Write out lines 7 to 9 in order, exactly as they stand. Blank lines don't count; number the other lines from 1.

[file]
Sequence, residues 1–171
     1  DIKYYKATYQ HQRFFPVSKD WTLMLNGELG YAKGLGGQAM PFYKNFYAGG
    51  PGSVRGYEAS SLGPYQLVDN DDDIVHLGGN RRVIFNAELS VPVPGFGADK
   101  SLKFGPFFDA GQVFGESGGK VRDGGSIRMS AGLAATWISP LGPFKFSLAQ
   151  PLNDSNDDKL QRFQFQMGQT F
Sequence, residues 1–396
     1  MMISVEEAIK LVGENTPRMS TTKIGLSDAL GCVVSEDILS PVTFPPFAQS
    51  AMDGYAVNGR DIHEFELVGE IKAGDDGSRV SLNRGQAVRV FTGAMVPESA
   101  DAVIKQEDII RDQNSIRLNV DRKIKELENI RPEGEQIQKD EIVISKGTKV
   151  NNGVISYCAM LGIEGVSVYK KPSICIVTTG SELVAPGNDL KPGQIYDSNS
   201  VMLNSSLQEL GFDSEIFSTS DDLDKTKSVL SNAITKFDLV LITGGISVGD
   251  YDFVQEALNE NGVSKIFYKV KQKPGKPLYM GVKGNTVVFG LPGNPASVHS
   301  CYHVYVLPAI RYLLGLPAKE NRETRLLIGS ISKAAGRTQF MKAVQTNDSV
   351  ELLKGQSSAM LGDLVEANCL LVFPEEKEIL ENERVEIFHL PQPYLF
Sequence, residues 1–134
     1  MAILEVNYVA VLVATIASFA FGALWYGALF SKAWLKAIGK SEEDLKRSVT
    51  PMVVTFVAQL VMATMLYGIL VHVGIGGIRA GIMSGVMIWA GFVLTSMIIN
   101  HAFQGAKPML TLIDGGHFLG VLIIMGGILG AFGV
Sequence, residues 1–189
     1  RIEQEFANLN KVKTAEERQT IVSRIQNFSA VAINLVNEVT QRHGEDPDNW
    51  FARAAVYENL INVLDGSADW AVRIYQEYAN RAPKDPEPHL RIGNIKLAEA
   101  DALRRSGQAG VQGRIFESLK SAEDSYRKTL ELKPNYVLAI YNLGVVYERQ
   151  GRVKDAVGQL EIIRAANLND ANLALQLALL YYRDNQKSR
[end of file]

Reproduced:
     1  MMISVEEAIK LVGENTPRMS TTKIGLSDAL GCVVSEDILS PVTFPPFAQS
    51  AMDGYAVNGR DIHEFELVGE IKAGDDGSRV SLNRGQAVRV FTGAMVPESA
   101  DAVIKQEDII RDQNSIRLNV DRKIKELENI RPEGEQIQKD EIVISKGTKV